There's been a lot of press recently about bullying and hazing: a Rutgers student hid a camera in his dorm room to record his roommate being intimate; the hazing practices of the Florida A&M marching band led to the death of drum major; and Mitt Romney's days at Cranbrook High School received close scrutiny in the wake of allegations that he cut off the long, bleached hair of a classmate.
It seems appropriate, then, to share a video from the bass and violin trio Time for Three (it's tough to categorize their sound since they meld classical, country, jazz, and even Roma music). The trio has been wildly successful ever since their breathrough performance at the Philadelphia Mann Center: the stage lights failed and two members of Time for Three had an impromtu jam session of folk, pop, gospel, and ragtime tunes. The audience loved it.
The trio, though, is now using their popularity for a good cause. Time for Three's new video "Stronger" tells the story of a young violinist who's persisently bullied by a classmate. The classmate does all the usual stuff, though he also breaks the young violinist's instrument by trying to hit a baseball with it (!). As the narrative progresses, however, we watch the violinist persevere in his playing and eventually receive recognition at a talent show.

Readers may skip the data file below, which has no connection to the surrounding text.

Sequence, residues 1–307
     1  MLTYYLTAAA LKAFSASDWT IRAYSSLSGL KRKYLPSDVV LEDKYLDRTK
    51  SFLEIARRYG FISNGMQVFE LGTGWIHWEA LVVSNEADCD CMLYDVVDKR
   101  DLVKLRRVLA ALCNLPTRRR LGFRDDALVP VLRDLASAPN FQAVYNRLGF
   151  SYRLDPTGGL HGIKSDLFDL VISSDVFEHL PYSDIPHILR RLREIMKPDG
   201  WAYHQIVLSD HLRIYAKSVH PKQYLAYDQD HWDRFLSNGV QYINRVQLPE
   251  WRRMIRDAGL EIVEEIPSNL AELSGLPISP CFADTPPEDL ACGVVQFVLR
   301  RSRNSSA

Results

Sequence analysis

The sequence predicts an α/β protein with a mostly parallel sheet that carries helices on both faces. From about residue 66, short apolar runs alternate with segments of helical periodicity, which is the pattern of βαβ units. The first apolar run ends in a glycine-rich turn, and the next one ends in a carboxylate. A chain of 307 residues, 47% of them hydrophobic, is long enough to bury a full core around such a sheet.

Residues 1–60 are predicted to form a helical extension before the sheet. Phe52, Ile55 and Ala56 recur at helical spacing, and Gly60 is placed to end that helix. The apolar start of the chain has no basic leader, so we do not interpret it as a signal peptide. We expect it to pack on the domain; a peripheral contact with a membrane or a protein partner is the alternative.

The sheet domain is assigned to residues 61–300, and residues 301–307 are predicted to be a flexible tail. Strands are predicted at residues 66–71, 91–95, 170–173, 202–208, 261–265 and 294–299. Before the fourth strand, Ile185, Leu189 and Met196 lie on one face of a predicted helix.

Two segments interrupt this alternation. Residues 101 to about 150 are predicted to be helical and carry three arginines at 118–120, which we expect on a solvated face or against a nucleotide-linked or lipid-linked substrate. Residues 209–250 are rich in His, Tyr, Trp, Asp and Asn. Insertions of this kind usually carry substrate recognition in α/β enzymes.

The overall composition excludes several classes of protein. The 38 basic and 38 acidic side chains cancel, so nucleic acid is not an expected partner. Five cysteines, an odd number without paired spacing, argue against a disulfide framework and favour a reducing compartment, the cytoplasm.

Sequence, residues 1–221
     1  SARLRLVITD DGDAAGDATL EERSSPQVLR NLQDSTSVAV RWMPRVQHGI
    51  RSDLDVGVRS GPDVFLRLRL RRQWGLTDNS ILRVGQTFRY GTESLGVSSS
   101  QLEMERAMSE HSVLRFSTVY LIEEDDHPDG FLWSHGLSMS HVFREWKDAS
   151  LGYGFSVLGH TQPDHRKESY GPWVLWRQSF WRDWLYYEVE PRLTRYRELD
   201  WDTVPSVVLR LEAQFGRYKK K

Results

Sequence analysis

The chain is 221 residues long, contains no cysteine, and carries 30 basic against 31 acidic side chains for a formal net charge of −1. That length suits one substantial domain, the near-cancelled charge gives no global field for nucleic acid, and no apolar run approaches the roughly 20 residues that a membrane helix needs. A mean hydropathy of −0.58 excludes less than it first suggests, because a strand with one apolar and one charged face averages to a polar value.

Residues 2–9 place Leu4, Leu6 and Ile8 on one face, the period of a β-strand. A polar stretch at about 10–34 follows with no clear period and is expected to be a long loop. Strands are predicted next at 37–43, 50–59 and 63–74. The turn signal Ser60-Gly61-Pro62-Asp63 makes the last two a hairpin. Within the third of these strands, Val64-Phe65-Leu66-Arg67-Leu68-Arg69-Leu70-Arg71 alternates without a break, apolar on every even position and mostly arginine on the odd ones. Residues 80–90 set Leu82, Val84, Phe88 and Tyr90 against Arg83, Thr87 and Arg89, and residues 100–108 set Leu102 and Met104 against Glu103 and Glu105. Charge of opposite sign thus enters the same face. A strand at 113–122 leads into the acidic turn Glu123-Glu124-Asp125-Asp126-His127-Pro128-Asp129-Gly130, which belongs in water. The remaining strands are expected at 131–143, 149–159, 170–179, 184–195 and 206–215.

The video, of course, is a tiny bit sentimental in parts, but it also contains a complicated and important message. The video reminds us that music is not just about music, performances, and success; it's about being heard by others. While the bully has his say early on through his strong-arm tactics of pushing and harrassing the violinist, the violinist ends up being the "stronger" and more articulate of the two by the end of the video. He is the one being heard and being recogized.
And isn't that what bullying attempts to silence – a young person's voice? Victims of bullying are often ridiculed for their identity, whether that identity centers on their sexuality, race, style of dress, religion, class, or any of the hundred other elements that form us. Music and art can rehabilitate and affirm a child's identity, their unique voice, and are perhaps some of the more powerful responses to bullying. The pain of being silenced becomes a reason to speak.